Guest post by David Middleton
Source: NASA https://climate.nasa.gov/climate_resources/24/
Ancient air bubbles trapped in ice enable us to step back in time and see what Earth’s atmosphere, and climate, were like in the distant past. They tell us that levels of carbon dioxide (CO2) in the atmosphere are higher than they have been at any time in the past 400,000 years. During ice ages, CO2 levels were around 200 parts per million (ppm), and during the warmer interglacial periods, they hovered around 280 ppm (see fluctuations in the graph). In 2013, CO2 levels surpassed 400 ppm for the first time in recorded history. This recent relentless rise in CO2 shows a remarkably constant relationship with fossil-fuel burning, and can be well accounted for based on the simple premise that about 60 percent of fossil-fuel emissions stay in the air.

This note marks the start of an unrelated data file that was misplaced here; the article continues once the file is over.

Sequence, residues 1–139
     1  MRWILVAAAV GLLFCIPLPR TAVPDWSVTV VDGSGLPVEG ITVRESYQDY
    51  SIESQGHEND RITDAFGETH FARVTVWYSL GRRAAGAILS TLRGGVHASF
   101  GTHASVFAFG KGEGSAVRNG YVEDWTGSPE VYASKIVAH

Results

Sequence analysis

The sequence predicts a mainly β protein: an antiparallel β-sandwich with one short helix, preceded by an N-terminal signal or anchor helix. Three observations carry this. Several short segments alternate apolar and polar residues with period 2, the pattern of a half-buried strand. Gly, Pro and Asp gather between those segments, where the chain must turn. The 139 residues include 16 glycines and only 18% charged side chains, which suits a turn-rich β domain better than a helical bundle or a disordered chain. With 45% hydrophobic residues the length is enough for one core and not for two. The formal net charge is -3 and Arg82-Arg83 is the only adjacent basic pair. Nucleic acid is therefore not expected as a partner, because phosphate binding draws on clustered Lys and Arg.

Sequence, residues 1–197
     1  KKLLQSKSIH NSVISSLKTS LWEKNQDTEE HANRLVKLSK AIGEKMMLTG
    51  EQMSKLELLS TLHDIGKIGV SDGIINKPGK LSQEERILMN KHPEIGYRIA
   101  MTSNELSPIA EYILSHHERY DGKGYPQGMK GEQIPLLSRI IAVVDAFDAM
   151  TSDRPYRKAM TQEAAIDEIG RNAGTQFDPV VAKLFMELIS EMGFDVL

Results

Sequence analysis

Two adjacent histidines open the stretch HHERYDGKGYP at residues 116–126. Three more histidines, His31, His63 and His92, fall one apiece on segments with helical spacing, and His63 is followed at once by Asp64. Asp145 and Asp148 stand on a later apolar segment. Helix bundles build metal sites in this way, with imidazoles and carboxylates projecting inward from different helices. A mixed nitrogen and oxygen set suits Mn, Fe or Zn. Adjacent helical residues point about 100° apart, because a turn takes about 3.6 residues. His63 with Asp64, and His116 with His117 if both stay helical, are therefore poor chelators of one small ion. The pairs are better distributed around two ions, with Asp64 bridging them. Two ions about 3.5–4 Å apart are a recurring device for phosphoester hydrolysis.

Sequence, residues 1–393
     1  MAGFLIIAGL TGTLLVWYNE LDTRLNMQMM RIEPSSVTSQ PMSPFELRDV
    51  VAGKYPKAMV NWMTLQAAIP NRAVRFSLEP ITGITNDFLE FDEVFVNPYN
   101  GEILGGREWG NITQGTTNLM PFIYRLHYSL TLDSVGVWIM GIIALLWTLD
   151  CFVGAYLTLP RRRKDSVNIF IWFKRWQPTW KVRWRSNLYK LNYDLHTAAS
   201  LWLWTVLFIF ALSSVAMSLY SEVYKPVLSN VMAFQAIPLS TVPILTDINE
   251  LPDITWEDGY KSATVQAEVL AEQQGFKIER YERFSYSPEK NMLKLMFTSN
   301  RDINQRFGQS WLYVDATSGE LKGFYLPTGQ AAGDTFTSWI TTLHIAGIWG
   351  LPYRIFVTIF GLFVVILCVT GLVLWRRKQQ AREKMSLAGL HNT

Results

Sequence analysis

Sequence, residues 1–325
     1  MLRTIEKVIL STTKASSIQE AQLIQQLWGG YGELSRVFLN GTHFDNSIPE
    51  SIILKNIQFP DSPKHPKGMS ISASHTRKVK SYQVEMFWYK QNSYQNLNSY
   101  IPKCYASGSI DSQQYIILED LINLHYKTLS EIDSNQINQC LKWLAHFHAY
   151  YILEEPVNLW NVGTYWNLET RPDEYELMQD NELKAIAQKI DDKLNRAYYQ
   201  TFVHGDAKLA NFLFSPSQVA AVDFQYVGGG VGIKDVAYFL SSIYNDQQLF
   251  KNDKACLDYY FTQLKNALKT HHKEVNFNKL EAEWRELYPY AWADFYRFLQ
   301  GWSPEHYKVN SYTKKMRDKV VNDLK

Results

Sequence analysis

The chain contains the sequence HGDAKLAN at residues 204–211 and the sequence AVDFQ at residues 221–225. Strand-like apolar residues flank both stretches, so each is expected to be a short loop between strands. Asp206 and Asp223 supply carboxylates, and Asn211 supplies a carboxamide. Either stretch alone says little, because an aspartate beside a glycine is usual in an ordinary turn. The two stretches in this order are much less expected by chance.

Today, we stand on the threshold…
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